16. 2 months ago
    Anonymous

    Verily, 'tis true. As a veteran of his Majesty's summer campaign, only landed knights and nobles are worthy of arnaments.

    [img]yeoldecostanzaface.tapestry[/img

    -John Smythe

    Sent via Crier-to-Talk
    ~~~~~~~~~~~~~~~
    King's peasant levy 1235-1236 A.D.
    '42 Cornish Mule
    12 chickens
    2 hogs (one is me wife, but I shan't let her know lest she scorn mine ears)

  17. 2 months ago
    Anonymous

    Mark it in thine own chronicle. The peasantry upon which thou tread are the common folk which thou dependeth upon. We are thine launderers, we bake the breads and pies which nourish thine own flesh, serve in every nook and crook of thine great houses. It is we who roam grand halls in dead of blackest night and stand a watch for brigands over thine very own beds as thou slumber. May the devil rot thee, should thou frig with the tail of common men. For who shall keepeth the blade from the throats of wrights of such engines, if not those common men?

  18. 2 months ago
    Anonymous

    Dost thou prospect verily that thy novel crossbow shall save thee when anarchy reigns?
    I shall pierce thy skull with my longbow and take that crossbow for myself!

    • 2 months ago
      Anonymous

      Back to back Anglo-Scottish war champion

  19. 2 months ago
    Anonymous
  20. 2 months ago
    Anonymous

    Can a sword actually destroy a trebuchet like vidya shows

  21. 2 months ago
    Anonymous

    Present tapestries of your arms or begone, sodomite.

  22. 2 months ago
    Anonymous

    Are all of you too stupid to understand that the time frame in discussion spanned hundreds of years, and laws and customs can very country to country, region to region, and change over time. Just because farmers in Austria couldnt own swords at a certain point doesnt mean they couldnt later or that germany couldnt at that same time.

    • 2 months ago
      Anonymous

      >Are all of you too stupid
      no, it's just that one autistic Austrian frickwit

      • 2 months ago
        Anonymous

        I bet he got rejected from art school and is seeking a career in politics.

  23. 2 months ago
    Anonymous

    >takes forever to setup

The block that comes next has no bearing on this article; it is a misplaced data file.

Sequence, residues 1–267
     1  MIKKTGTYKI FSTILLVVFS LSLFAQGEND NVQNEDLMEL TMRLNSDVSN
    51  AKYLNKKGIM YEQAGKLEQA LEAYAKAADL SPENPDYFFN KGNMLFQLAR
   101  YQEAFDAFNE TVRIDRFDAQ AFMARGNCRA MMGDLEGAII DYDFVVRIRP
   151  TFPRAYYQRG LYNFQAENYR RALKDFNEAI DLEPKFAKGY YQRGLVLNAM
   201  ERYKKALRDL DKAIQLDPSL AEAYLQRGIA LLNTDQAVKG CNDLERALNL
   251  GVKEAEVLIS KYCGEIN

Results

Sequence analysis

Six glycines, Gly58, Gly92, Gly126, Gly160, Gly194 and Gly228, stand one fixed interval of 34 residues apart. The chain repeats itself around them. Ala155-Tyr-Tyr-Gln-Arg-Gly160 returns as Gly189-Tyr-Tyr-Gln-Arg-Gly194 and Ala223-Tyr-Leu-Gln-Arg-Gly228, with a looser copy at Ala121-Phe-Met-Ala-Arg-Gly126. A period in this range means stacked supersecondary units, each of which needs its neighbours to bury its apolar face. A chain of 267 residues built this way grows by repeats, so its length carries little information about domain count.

24. 2 months ago
    Anonymous

    >"my handgonne is the finest and most reliable in the land"
    >rain falls upon thee
    >thine gonne is rendered impotent
    Pray tell, how has such a grand score of men fallen to such a pathetic jest? Verily a man needs not more than a bow, crossbows only belong under the command of the king

    • 2 months ago
      Anonymous

      Dost the whom possesses no bow, believe his phantom armament will deliver arrows true after a summer eve’s rain?

  25. 2 months ago
    Anonymous

    Trebs have a minimum range and jack shit for melee armor, so I can just slice it to bits at my leisure. inb4 it has some homies guarding it, okay, then I have a bunch of crossbowmen shooting your homies.

  26. 2 months ago
    Anonymous

    >All yee knights walking around with crossgaurd meme
    900 RAIDS BY SEA

  27. 2 months ago
    Anonymous

    Richard the Lionheart had two trebuchets that he named "God's Own Catapult" and "Bad Neighbour that he used in the In the Siege of Acre in 1191.

  28. 2 months ago
    Anonymous

    Frankly, I don't even think it's worth it to parody that argument. It's always brought forward by an actual 90 IQ with bottom tier testosterone levels (likely a woman) and absolutely zero knowledge of history. If you asked them a question like "in the roughest terms imaginable, what was the strategic situation in Europe in 1913? If you don't know it, you can easily infer it [a satisfactory answer] from your knowledge of WW1", and see them stammer into an incoherent puddle and likely aborting the discussion.

  29. 2 months ago
    Anonymous

    To be fair, you could probably ride up to a trebuchet, chase off the crew, and then use all that rope as kindling to set it on fire so long as there wasn't an army around to stop you. Trebuchets were generally shit at hitting man-sized targets.